Top down approach has its merits that are easy to understand and it's no wonder the management swears by it. However it has its limits, which can be summed as this: if you need to decompose complex systems into smaller components, top down method is well suited. But if you want high performance, top down approach simply won't buy it. Worse, you may completely overlook these issues, because in the top down approach, you usually leave the implementation details to later stages of design.
But when you want high performance, implementation details have to be kept in mind from the VERY beginning, at all stages of the design, when the architecture can still be changed in order to accomodate performance requirements. Because another issue with the top down approach is that it's not iterative. Once a design is set, it's very hard to change it.
So the top down method requires that extremely skilled and experienced architect, who have a good understanding of the performance issues of the technologies they use. Because at later stages of developments, it's simply too late, you can't get high performance from a bad design.
The bottom up approach, by focusing on foundations, allows performance considerations from the start, during API design.

A typical mistake is to believe that designing a database backed high performance system using UML tools and object relational mapping by even experienced Java architects is a good thing. What they usually do is build the business model in UML that is generally sound in a Java architecture (even though the less experienced architects often build a completely concrete model, overlooking all the design qualities of abstraction and therefor building very rigid and hardly extensible systems). Once the business model is set and meets all the business requirements, they generate the database model and the ORM mapping for JPA, Hibernate or another ORM.

Done.

But when it comes to performance, what is sound in UML can be catastrophic or at best mediocre in the database.
Because the assumption is, with object-relational mapping, you don't need to know SQL (false) nor database performance issues (false again).
Basically, to get high performance out of a large database (tables with millions of rows, and near real time response), one must first design the database model with performance in mind, thinking such details as how to retrieve/update data efficiently. This type of thinking is typically bottom up (implementation details first). Here, MDA development should be database model based, and NOT business model based, because again, once an inefficient database model is set, and hundreds of thousands of lines of business code have been written, it's simply too late, you will never get high performance from the system.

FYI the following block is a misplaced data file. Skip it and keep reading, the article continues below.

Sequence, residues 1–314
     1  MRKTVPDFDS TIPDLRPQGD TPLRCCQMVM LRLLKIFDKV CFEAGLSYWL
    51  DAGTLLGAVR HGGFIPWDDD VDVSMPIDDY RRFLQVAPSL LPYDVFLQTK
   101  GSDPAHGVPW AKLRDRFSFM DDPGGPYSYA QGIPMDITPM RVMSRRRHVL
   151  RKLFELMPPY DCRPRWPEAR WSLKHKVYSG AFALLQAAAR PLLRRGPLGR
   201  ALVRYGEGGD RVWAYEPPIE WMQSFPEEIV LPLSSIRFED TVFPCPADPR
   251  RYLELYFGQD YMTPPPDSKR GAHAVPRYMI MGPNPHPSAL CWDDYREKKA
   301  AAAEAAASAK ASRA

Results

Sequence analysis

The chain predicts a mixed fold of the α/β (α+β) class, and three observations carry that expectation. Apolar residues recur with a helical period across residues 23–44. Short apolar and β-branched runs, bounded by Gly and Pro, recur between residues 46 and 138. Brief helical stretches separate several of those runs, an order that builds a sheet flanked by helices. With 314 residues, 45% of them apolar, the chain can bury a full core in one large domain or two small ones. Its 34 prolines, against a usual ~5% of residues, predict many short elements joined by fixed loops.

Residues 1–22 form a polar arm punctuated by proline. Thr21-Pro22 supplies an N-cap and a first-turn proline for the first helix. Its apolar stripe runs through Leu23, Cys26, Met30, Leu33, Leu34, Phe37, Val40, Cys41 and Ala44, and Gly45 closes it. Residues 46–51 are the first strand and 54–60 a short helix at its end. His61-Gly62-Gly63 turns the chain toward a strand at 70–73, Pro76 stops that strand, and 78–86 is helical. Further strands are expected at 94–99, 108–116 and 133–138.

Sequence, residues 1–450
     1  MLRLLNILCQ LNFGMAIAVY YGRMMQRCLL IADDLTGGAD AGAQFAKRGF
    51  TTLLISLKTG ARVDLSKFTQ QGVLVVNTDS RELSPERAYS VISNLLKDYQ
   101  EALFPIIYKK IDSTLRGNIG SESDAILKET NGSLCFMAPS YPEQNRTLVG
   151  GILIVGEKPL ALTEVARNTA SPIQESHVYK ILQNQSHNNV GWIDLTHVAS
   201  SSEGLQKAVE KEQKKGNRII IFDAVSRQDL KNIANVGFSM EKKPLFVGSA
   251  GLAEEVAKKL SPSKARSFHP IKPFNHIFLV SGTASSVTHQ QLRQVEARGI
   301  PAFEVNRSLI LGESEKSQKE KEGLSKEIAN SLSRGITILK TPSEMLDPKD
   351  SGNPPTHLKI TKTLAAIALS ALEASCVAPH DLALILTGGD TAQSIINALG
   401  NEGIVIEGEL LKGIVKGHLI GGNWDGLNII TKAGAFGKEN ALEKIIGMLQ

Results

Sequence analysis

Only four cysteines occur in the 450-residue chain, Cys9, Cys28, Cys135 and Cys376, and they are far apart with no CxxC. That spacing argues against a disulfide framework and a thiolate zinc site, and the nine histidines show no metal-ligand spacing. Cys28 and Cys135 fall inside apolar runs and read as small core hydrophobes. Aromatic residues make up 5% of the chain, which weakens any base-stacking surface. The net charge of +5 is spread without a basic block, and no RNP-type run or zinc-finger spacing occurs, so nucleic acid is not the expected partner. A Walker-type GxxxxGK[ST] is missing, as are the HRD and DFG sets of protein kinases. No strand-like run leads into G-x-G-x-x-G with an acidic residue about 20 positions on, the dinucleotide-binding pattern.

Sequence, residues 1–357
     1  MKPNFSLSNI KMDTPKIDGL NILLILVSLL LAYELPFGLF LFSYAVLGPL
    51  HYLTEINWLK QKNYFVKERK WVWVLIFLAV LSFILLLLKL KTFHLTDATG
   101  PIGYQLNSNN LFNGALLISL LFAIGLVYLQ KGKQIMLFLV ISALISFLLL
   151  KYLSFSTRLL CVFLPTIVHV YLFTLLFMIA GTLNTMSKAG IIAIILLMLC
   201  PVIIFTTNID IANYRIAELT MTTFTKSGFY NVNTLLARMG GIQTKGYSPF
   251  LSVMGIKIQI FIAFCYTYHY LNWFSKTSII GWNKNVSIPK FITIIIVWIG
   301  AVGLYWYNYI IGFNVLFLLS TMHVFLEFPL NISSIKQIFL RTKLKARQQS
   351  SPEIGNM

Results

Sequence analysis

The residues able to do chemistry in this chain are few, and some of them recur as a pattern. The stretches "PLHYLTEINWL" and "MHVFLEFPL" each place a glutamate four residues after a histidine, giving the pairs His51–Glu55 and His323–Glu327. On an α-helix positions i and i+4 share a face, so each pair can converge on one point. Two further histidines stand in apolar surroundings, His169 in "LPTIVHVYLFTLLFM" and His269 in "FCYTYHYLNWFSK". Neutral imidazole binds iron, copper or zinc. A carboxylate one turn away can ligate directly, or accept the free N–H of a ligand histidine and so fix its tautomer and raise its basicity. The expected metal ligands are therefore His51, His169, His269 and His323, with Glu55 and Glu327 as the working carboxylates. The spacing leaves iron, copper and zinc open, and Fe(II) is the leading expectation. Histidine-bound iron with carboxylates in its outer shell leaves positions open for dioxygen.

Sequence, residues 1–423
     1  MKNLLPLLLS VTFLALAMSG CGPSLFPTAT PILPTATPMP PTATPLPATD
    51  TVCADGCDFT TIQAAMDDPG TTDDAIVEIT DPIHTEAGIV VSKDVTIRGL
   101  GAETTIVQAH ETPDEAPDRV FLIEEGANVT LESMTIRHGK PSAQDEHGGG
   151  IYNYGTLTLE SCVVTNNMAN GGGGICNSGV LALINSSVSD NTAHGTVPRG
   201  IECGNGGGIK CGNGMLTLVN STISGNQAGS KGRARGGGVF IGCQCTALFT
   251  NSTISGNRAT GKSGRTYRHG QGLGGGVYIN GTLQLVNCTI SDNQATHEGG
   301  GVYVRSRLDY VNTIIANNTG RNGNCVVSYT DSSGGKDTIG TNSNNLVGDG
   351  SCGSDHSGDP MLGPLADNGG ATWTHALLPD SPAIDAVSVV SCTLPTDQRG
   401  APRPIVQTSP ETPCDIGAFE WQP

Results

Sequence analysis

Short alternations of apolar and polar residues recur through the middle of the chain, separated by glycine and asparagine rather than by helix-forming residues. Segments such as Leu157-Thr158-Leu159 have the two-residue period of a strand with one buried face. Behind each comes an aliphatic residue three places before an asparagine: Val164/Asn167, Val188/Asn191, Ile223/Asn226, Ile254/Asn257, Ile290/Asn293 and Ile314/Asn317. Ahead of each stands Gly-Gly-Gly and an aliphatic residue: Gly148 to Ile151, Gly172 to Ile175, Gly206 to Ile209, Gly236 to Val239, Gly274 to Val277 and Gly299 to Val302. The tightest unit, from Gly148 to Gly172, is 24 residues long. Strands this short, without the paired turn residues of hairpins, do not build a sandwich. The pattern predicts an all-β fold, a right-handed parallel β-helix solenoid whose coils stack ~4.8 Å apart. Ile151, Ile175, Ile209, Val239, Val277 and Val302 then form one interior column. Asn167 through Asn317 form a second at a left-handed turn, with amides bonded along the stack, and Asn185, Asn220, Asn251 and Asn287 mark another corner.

And in large systems, that can mean failure.

In conclusion, as usual, there is no silver bullet. One needs both top down and bottom up at the same time. For business requirements, top down is the way to go, for performance requirements where they are needed, bottom up must not be overlooked.

all good points...

There are analogies between the top-down/bottom-up question, and the architecture-first/functionality-first question.

The value of thinking at the high level is that you can determine if success on this project will lead to problems elsewhere... however, since you are divorced from the implementation details, you don't have a complete idea of the complexity of the problem.

Some folks throw up their arms and go agile... just keep iterating and iterating until it works. That sometimes works, but there are flaws.

I prefer the concept of feedback loops in addition to iteration... that allows the implementation guys to experiment in order to find the "optimal" solution, but it also ensures the experimental results flow back to the top level decision makers and stakeholders.

Of course, this means you need somebody on your team who understand iteration, feedback, implementation details, and high-level strategy... and has the ability to communicate with everybody on all levels. This, apparently, is something of a tall order.

wats is the difference

wats is the difference between topdown and bottomup approach when it comes to programming